Thanksgiving, a time filled with turkey, delicious side dishes, pumpkin pie and of course lots of family. Thanksgiving in Nicaragua, met almost all of those goals minus the pumpkin pie portion. This is our second time spending this wonderfully delicious holiday away from Seattle, the first being our YWAM DTS's in Germany and Switzerland; however, the beauty of this week was that my (MF's) parents were able to come down and join us. Although we didn't actually get to eat turkey on Thanksgiving, it was a wonderful time nonetheless.
Feeding Isaac Bustamante his Thanksgiving dinner.
Prior to Thanksgiving, we officially ended our teaching roles at Colegio Havila. I was incredibly happy that my parents were able to see the school in session, meet all our fellow teachers, and see the amazing children we have worked with every day. My Dad had fun helping administer my English test to the 6th graders, while my mom was deemed the official grader for Josh's computer exam. The end kind of snuck up on us. I found myself unexpectedly in tears on Tuesday as the reality of the end of the year sunk in. These people are such precious jewels and as much as we've kicked and screamed at times this year, it doesn't diminish the reality that we will be forever changed by this year.
Top: Mom and me before Thanksgiving dinner with our church. Introducing Dad to 6th grade as the administrator of the ESL test.
Middle: Construction on our house begins, so we have officially moved out as of a week ago. Mom the fabulous computer test grader.
Bottom: The kids taking the practical portion of the exam. Profesor Josh helping with the computer test.
We are thankful for this opportunity to come and be changed. We are thankful for the Los Cedros community that have become extended family and for the changes we've seen in kid's lives. We are thankful for all the family and friends who came and visited us this year, as that support has been instrumental in our success this year.
Working together to grade tests. The 5th graders threw us a farewell lunch after their computer test.
In the spirit of thankfulness, we got to spend a lovely week with my parents here. We enjoyed taking them to our Gringo church communities Thanksgiving potluck...which I was personally excited for the mounds of turkey to be consumed. We were also blessed to be able to spend three days in our little spot of heaven in San Juan del Sur where we finally managed to get my parents to relax and celebrated their 30th anniversary. We read, talked, and soaked up the incredible beauty that surrounded us in the blue skies, crystal aqua seas, and delightful infinity pools with breathtaking views. It's incredibly hard to leave that portal into heaven.
Top: Our afternoon San Juan del Sur beach walk.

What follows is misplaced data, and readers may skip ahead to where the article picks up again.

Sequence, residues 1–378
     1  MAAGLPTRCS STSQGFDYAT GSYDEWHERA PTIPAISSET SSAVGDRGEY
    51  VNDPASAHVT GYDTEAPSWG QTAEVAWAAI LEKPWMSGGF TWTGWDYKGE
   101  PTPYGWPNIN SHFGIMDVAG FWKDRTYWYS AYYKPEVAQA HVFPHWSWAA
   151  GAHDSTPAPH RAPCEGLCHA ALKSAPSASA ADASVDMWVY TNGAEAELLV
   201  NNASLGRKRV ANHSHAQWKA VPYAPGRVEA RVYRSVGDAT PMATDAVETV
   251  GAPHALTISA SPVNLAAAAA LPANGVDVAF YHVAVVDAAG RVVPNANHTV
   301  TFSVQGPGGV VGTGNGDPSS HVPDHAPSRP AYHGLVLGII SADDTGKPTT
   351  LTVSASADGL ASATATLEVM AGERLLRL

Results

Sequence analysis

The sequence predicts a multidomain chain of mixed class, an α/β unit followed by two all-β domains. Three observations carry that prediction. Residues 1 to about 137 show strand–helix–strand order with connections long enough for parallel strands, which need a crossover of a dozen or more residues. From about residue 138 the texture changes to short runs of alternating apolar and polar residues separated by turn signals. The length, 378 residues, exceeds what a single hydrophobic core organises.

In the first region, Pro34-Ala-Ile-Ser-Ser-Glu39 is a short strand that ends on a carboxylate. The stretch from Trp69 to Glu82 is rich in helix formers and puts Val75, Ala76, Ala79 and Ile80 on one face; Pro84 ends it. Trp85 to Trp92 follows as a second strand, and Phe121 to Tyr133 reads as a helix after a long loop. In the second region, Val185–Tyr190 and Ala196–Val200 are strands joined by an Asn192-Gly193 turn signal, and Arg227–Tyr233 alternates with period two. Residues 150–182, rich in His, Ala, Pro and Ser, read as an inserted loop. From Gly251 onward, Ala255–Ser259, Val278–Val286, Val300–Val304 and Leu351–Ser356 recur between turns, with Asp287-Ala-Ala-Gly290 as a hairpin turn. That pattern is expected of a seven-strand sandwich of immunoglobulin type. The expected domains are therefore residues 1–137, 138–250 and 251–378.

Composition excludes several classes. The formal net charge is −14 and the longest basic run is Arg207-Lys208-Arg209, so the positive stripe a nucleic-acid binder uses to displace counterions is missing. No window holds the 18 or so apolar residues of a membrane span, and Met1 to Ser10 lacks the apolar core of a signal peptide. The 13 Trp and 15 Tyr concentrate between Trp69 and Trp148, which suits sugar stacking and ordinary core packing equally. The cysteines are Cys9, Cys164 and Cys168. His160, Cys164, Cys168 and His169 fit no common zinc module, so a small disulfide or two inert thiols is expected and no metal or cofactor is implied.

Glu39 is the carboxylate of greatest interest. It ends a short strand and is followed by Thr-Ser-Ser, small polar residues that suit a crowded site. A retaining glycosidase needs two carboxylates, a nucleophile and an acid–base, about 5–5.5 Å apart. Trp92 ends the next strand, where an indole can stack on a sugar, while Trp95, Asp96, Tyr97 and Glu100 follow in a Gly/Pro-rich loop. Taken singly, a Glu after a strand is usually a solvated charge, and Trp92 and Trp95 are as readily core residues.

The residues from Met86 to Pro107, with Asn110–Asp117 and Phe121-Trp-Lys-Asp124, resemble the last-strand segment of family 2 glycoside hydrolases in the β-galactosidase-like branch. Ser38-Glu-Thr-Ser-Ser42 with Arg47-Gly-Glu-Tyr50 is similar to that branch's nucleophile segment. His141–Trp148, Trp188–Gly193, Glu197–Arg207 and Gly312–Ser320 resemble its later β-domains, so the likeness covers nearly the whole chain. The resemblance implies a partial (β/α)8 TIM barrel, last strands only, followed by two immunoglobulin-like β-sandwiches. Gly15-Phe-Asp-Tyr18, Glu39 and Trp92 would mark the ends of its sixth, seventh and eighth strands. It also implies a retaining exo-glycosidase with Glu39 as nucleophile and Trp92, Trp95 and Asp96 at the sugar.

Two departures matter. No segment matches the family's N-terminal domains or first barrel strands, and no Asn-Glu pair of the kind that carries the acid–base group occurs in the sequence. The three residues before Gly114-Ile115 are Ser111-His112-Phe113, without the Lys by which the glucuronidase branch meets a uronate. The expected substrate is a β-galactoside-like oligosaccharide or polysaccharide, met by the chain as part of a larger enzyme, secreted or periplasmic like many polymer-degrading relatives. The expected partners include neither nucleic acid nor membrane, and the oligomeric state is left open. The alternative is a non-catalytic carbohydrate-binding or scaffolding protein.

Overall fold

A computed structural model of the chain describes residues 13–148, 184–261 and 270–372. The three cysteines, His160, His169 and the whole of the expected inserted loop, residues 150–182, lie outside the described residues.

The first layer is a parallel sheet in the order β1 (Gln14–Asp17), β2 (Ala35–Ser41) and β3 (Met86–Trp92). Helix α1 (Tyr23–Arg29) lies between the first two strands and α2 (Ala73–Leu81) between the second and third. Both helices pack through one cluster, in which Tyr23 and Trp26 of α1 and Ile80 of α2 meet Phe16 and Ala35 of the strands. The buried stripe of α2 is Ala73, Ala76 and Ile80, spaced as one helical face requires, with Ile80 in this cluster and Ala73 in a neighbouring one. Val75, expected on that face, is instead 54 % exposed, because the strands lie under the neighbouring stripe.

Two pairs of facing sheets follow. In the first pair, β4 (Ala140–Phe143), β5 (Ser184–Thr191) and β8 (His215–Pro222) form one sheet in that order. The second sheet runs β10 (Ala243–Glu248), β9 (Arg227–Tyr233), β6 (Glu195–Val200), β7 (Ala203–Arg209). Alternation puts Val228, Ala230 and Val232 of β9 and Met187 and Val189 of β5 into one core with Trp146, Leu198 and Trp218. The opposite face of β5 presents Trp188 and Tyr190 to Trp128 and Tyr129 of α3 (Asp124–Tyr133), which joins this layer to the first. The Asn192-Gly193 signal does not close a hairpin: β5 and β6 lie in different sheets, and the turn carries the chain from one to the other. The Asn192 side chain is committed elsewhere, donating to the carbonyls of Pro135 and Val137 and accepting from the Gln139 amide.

Bottom: Taking advantage of the glorious swimming pools. Josh posing for the camera.
Beyond all the relaxing we also had the wonderful opportunity to accompany my Dad (David Carlson) to an Agros village land signing ceremony, appropriately held on Thanksgiving Day. There were five families who recieved their land title, officially handing their plots of land and houses legally into their own hands. These are incredibly hard working people who have poured themselves into prospering their families, digging into the opportunity to change the cycle of poverty. As we have come to understand, Nicaraguans are generally very unemotional even over some of the most exciting things that have happened in their lives. But watching each of the men grasping the pen to sign their title followed by soft spoken words of gratitude was moving to all invovled.
Finally, the last big event we got to do with my parents was to attend Maria Jose's (daughter of Pastor Manuel and Pastora) quincinera. For those not familiar with latin culture, turning 15 is a big deal. It is the presentation of the young woman to the community, ushering her from status as a girl to a woman. Because of this, the celebration is a sight to behold. The party was held in Pastora's front yard, which was transformed into a lavender and white formal dining room. There were balloon archways, the cement wall surrounding the property was painted lavender, a pig was killed for the dinner, a beautiful ball gown purchased for the birthday girl, and 500 guests invited to celebrate her. It has all the sentiments of a wedding recepetion, yet there is no groom and eventually you sing Happy Birthday to the girl in the beautiful dress. It was quite the party and we marveled at the importance of this monumental occassion not only to the family but to the community at large as well.
So that about sums up November. In some ways we are glad to have our school responsibilities behind us so that we can soak up the moments we have left. We are now in our last week, so as you read this and think about us we'd appreciate your prayers as we begin the hard part of saying good-bye. We are grateful to know that our invovlement in Nicaragua is not over, the physical living part yes, but we will return which softens the blow a bit.